New draft plans have been released by the City of Edinburgh Council for Leith Walk.
They show segregated bike lanes in both directions running from the Pilrig Street Junction to the Brunswick Street junction further south.
There are two designs presented for public consultation.
One version shows how the street could look if councillors vote to extend the tram line down Leith Walk, and one version shows how the street could look if the tram is not extended at all.
In the option showing tram lines, toward the McDonald Road end of the plans, the traffic island between the tram lines widens out, hinting at the possibility that a new tram stop may also be created there.
Broadly speaking the designs have been welcomed by those who campaigned hard for the inclusion of segregated bike lanes on Leith Walk, and were disappointed by their absense from northern half of the street.
The plans have been developed in conjunction with active travel charity Sustrans, which has been working hand-in-glove with the council on the designs, after the Scottish Government awarded £3.6m to the council for the creation of an “exemplar” active travel corridor.
Commenting on the designs as they were released today John Lauder, National Director of Sustrans Scotland added: “Sustrans is fully engaged in the City of Edinburgh Council’s plans for Leith Walk. We are supporting the designs, with funding from Transport Scotland, that we feel will make Leith Walk a better place to live, shop and work.
“The designs that have been delivered so far give the Walk more of a High Street feel and make it feel safer and calmer, complementary to the city’s bold plans for 20mph streets and to have 15% of commuting trips to be made by bicycle by 2020.”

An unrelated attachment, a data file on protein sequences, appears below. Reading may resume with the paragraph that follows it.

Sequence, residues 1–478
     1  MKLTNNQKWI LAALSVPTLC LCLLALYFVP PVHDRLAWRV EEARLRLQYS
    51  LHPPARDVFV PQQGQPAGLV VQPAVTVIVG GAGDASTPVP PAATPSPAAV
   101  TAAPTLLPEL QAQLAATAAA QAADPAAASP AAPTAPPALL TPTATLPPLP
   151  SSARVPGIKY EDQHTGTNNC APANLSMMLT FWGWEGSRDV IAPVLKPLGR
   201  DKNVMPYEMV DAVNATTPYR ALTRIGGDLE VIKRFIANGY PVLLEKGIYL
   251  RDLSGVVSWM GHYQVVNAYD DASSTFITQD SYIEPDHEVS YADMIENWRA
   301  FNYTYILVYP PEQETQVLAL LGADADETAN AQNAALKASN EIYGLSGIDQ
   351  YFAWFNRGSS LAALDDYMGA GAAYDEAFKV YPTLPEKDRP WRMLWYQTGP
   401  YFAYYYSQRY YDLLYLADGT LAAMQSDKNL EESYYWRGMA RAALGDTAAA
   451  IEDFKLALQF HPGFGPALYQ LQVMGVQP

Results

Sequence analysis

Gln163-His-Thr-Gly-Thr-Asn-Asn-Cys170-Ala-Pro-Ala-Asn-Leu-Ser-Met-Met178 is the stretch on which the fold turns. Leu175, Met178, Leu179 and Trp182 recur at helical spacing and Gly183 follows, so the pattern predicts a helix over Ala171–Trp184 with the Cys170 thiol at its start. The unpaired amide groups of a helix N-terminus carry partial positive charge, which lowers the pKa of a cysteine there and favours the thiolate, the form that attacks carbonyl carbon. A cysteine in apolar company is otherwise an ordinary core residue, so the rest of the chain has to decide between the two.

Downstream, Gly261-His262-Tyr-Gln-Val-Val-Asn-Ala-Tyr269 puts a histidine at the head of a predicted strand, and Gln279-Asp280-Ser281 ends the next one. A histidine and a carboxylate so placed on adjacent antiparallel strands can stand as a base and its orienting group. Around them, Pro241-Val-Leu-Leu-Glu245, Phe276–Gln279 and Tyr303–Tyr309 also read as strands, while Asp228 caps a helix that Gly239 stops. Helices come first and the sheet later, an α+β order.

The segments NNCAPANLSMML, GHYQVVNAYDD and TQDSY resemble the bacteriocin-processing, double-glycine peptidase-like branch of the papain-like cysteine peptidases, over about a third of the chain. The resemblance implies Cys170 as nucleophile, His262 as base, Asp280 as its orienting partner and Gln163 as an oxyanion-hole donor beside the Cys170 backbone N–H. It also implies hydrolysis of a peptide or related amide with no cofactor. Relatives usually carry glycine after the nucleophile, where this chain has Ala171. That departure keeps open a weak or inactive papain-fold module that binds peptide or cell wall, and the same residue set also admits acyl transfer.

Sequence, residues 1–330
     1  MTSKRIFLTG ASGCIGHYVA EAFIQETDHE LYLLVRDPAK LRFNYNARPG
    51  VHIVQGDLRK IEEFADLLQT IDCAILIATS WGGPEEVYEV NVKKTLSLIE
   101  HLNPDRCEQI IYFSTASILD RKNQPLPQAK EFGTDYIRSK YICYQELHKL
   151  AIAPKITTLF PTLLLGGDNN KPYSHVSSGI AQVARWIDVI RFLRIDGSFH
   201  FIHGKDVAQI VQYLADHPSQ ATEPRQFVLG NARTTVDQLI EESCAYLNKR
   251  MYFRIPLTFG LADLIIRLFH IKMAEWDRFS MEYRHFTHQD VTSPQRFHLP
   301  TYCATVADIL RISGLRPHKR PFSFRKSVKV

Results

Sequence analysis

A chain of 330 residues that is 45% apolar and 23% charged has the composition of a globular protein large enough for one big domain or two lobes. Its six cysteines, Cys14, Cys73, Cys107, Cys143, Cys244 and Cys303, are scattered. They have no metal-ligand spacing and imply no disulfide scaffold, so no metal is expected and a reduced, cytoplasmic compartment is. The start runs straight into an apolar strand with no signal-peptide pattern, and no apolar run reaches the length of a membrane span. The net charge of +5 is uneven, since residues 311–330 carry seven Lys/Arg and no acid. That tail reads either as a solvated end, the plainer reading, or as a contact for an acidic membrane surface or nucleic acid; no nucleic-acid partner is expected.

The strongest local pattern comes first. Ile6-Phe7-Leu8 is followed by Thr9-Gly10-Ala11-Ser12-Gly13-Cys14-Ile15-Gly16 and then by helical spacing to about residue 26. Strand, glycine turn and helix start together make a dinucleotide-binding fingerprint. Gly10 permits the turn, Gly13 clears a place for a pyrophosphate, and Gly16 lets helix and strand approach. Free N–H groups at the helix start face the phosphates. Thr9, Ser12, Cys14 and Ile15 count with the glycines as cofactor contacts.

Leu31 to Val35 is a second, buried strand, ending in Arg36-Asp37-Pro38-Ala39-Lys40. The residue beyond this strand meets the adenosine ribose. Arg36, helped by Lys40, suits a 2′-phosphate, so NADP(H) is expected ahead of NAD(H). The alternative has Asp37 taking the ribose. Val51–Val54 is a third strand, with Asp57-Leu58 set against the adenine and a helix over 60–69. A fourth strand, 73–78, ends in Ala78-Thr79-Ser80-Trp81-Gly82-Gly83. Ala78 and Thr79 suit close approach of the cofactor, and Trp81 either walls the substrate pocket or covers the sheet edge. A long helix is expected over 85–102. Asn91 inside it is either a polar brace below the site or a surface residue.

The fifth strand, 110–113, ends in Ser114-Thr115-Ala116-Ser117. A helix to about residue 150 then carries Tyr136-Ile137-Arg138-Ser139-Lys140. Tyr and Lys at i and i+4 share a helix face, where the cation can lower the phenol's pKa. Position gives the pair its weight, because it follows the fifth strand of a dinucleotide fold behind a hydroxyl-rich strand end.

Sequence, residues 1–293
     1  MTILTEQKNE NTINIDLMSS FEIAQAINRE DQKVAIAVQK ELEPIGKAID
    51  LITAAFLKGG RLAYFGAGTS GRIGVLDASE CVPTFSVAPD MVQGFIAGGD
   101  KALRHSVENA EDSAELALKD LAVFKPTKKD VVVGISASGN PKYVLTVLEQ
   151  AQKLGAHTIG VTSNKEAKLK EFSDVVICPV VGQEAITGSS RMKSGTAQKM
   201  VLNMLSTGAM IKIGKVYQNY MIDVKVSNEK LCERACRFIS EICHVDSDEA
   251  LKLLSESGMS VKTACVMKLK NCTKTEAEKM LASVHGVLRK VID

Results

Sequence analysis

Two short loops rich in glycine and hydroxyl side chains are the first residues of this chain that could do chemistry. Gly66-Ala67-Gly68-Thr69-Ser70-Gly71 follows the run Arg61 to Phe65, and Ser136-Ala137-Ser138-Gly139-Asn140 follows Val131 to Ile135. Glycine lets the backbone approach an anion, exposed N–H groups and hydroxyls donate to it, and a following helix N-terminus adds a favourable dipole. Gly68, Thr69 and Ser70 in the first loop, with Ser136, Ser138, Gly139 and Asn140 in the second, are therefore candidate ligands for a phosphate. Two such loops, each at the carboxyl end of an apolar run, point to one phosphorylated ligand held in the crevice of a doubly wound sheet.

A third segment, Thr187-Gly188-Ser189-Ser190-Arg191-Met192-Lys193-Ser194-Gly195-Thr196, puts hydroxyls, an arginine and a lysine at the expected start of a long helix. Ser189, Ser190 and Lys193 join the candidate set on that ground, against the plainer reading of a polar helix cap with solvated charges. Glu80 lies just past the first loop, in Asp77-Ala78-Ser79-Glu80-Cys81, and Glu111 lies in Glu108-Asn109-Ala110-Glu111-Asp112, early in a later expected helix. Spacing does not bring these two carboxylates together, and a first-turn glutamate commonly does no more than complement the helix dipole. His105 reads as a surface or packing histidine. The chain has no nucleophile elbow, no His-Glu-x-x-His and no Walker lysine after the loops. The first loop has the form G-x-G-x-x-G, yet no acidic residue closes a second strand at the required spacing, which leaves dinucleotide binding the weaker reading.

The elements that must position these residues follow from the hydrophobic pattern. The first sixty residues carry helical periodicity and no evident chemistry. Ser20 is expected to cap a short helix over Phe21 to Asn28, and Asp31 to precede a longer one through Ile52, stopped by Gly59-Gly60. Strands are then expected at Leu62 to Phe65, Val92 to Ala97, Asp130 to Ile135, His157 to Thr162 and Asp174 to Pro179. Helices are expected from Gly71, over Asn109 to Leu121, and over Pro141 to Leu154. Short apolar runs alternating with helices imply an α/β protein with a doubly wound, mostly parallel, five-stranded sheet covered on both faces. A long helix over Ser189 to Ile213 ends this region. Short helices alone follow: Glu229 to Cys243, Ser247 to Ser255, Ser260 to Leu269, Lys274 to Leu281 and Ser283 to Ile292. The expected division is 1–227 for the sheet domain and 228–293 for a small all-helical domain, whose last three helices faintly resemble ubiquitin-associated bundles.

This said, the design has also raised eyebrows from some cycle campaigners, with the Cycle Embassy of Great Britain quick to dub them “shambolic.”
Particular concerns have been raised over the way the cycle paths interact with junctions, such as Pilrig Street.
Under the current plans, cyclists travelling down Leith Walk will be expected to cross Pilrig Street and then swerve out into the street, just as buses are pulling into a bus stop.
Elsewhere it’s been noted that cyclists don’t seem to have priority over some side streets, meaning that using the segregated route could be slower than riding on the road.
Also, it would appear that the segregated lanes disappear again when they get close to the Brunswick Place end of the plan in the tram designs, which seems odd to say the least.
At one stage, it had seemed that proposals for segregated bike lanes could have been sacrificed in favour of the tram. These latest designs show that it is possible to include both segregated lanes and tram lines on the street.
Should councillors decide to finally extend the tram down Leith Walk, which they may yet do this year, then it will likely provoke further calls for the extension of the segregated bike lanes to the Foot of Leith Walk too – a street design that has considerable public support.
According to a council statement, the statutory consultation on the latest proposed designs will begin in late June and in advance of that,a drop-in session for anyone interested will be held in McDonald Road Library’s Nelson Hall on Thursday 11 June from 6pm to 8pm.
You can download the designs to see them in more detail from this page on the council website.